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Melanie Ferreira cheated IRS using tactics of anti-government extremists, feds say

A Dutchess County woman employed tactics used by an extremist anti-government movement to cheat the Internal Revenue Service out of nearly $500,000, federal prosecutors said Tuesday.

Melanie Ferreira, 60, of Lagrangeville, was charged in federal court in White Plains on Tuesday with tax and bank fraud for running what federal prosecutors call an electronic funds transfer scam, a commonly used financial tactic of the Sovereign Citizens Movement.

The members of the Sovereign Citizens Movement believe they are not beholden to U.S. law or courts, including taxation and driver's license requirements, according to the FBI.

In 2011, the FBI's Counterterrorism Analysis Section labeled the movement "a growing domestic threat to law enforcement."

"A closer look at sovereign citizens' more severe crimes, from financial scams to impersonating or threatening law enforcement officials, gives reason for concern," FBI counterterrorism analysts wrote in a bulletin on the movement. "If someone challenges (e.g., a standard traffic stop for false license plates) their ideology, the behavior of these sovereign-citizen extremists quickly can escalate to violence."

There are about 100,000 loosely affiliated members of the Sovereign Citizens Movement in the nation, according to the Southern Poverty Law Center. Members of the movement have killed six law enforcement officers since 2000, the FBI said.

Ferreira's case is being handled by the U.S. Attorney's Terrorism and International Narcotics Unit, with Assistant U.S. Attorney Jason P.W. Halperin leading the prosecution.

Ferreira's hearing in federal court Tuesday took 2 1/2 hours in part because she refused to be represented by court-appointed lawyers from the Federal Defender's Office and insisted on representing herself, federal authorities said.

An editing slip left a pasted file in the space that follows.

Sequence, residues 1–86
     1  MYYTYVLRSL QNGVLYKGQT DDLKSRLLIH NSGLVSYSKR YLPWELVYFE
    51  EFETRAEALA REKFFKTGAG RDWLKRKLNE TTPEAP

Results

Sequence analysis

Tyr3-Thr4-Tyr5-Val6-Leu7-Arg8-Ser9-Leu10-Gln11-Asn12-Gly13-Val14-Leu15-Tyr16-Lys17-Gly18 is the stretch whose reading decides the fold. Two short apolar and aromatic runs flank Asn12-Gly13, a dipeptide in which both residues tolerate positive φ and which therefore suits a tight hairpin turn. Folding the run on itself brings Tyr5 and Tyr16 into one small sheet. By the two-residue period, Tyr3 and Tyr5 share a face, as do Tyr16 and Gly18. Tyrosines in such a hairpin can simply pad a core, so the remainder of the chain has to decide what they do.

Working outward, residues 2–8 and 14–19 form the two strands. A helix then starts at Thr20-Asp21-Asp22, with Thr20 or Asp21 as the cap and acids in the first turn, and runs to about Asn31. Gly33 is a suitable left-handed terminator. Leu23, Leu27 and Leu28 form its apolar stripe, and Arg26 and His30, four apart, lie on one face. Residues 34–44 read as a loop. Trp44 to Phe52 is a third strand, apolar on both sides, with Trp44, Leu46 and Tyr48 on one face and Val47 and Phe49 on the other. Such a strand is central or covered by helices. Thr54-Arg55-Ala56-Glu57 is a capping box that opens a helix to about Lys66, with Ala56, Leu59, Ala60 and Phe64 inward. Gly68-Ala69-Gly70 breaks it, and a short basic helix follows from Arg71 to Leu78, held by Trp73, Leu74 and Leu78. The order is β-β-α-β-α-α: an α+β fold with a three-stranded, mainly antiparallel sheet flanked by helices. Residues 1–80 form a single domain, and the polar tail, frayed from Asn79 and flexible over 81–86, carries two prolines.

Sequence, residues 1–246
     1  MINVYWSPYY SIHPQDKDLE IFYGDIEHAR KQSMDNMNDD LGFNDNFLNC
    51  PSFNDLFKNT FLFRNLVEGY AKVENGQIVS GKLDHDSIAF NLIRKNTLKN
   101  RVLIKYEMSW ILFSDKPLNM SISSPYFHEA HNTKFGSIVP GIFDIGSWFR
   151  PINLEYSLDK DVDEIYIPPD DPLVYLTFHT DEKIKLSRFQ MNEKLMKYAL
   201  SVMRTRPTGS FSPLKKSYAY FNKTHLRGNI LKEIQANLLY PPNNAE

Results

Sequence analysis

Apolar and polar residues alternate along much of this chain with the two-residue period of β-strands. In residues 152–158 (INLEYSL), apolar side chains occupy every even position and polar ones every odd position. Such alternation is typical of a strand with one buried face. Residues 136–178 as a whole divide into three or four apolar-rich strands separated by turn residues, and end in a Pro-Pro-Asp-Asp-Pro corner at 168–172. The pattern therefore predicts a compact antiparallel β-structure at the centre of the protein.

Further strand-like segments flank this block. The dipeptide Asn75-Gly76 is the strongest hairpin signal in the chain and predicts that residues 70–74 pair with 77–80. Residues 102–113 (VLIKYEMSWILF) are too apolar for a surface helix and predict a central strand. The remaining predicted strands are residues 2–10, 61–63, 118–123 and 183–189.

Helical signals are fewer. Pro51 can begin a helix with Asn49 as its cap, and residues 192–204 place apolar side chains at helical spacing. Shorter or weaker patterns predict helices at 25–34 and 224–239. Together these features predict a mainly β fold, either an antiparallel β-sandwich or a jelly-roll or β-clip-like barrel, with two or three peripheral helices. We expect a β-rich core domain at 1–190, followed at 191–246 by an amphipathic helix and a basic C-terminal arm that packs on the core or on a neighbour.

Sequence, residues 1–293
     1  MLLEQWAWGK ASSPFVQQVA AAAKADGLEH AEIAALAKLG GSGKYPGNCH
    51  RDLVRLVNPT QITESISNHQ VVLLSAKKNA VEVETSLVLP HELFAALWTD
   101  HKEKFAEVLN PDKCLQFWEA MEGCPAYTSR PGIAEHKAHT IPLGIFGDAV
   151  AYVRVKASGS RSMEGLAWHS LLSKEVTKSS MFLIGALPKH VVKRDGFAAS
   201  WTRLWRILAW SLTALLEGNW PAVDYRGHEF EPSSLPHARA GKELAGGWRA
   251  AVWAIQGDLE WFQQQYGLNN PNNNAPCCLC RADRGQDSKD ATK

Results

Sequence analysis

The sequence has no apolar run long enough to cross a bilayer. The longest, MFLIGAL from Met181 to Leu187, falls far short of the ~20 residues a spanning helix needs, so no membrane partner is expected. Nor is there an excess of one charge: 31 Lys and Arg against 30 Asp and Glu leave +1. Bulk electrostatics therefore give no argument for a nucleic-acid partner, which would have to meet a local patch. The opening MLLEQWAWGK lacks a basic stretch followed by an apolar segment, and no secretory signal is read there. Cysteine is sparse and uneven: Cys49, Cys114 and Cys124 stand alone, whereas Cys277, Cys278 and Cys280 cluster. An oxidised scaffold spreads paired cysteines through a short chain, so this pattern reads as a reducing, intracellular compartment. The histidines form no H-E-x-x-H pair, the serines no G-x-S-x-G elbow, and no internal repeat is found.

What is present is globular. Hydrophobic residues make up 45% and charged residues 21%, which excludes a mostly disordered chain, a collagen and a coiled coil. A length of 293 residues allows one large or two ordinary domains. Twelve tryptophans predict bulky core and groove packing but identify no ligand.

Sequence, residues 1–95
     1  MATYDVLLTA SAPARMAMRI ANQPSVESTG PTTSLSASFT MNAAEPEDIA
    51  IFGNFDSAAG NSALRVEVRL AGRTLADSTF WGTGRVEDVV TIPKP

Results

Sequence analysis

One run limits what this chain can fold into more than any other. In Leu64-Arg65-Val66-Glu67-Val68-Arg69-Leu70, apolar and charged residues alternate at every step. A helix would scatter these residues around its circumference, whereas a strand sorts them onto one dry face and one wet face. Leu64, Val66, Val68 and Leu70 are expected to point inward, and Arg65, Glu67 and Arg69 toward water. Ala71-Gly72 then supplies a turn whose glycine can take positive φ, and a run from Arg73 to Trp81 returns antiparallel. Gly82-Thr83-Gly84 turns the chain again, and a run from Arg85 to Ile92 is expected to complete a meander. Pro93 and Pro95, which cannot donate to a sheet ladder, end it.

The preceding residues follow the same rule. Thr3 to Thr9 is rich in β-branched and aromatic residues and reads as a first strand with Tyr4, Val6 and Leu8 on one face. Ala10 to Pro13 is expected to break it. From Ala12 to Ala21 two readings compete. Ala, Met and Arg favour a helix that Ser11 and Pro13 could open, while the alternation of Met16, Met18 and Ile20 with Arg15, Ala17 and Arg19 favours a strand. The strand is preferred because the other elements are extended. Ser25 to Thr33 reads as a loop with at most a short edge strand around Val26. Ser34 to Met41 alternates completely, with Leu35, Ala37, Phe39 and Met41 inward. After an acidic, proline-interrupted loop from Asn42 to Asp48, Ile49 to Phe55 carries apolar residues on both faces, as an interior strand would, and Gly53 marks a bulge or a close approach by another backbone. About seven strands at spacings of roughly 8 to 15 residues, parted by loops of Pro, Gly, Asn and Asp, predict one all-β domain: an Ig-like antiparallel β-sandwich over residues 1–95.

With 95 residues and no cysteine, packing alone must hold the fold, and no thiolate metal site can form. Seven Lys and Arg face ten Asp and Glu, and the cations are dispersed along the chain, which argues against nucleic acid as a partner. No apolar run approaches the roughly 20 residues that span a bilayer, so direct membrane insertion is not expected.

"Melanie Ferreira thumbed her nose at the IRS, stealing hundreds of thousands of dollars in refunds to which she was not entitled, and forged a check to satisfy a debt," U.S. Attorney Preet Bharara said. "We enjoy many rights and privileges in this country, but not among them is the right to enjoy the fruits of law-abiding taxpayers' money while evading the tax laws and defrauding the government and thereby your fellow citizens."

A phone number listed for Ferreira was disconnected Tuesday afternoon.

Ferreira filed a false federal tax return in 2008, FBI and IRS agents said, in which she claimed to have earned $661,600 in interest from three banks. She falsely claimed on the tax return filing that she had paid $661,536 in federal taxes in 2008. On that basis, the IRS paid her a refund of a $440,924.

Ferreira actually earned only $17 in bank interest and paid $236 in taxes, the FBI said.

In addition to the tax fraud, Ferreira also cheated Bank of America out of hundreds of thousands of dollars, prosecutors contend.

In May 2010, she sent Bank of America a forged cashier's check purported to be drawn on the Federal Reserve Bank of Cleveland for $316,966.05 in an attempt to pay off her mortgage, according to a criminal complaint filed by FBI Special Agent Anthony Rausa.

The following month, she sent the bank a check for $305,000 drawn on a closed bank account in another attempt to pay off her mortgage, Rausa wrote. On the memo line of the check, Ferreira wrote in red ink, "For discharge of debt (electronic funds transfer) only." On the back of the check, she jotted: "Not for deposit, EFT only, for discharge of debt."

Ferreira faces up to 20 years in prison if convicted.

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